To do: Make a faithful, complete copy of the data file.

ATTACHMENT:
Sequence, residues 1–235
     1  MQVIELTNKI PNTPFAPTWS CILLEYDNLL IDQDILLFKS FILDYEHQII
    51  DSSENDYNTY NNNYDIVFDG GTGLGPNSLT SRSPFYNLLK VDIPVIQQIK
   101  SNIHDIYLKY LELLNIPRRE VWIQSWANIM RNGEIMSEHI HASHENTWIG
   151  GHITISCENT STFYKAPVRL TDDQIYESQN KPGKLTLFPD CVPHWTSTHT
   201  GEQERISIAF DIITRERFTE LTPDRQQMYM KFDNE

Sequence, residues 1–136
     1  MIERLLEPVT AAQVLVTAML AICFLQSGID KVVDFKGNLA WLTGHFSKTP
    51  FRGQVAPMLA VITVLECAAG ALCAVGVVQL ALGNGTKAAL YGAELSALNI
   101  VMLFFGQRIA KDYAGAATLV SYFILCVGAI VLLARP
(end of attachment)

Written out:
Sequence, residues 1–235
     1  MQVIELTNKI PNTPFAPTWS CILLEYDNLL IDQDILLFKS FILDYEHQII
    51  DSSENDYNTY NNNYDIVFDG GTGLGPNSLT SRSPFYNLLK VDIPVIQQIK
   101  SNIHDIYLKY LELLNIPRRE VWIQSWANIM RNGEIMSEHI HASHENTWIG
   151  GHITISCENT STFYKAPVRL TDDQIYESQN KPGKLTLFPD CVPHWTSTHT
   201  GEQERISIAF DIITRERFTE LTPDRQQMYM KFDNE

Sequence, residues 1–136
     1  MIERLLEPVT AAQVLVTAML AICFLQSGID KVVDFKGNLA WLTGHFSKTP
    51  FRGQVAPMLA VITVLECAAG ALCAVGVVQL ALGNGTKAAL YGAELSALNI
   101  VMLFFGQRIA KDYAGAATLV SYFILCVGAI VLLARP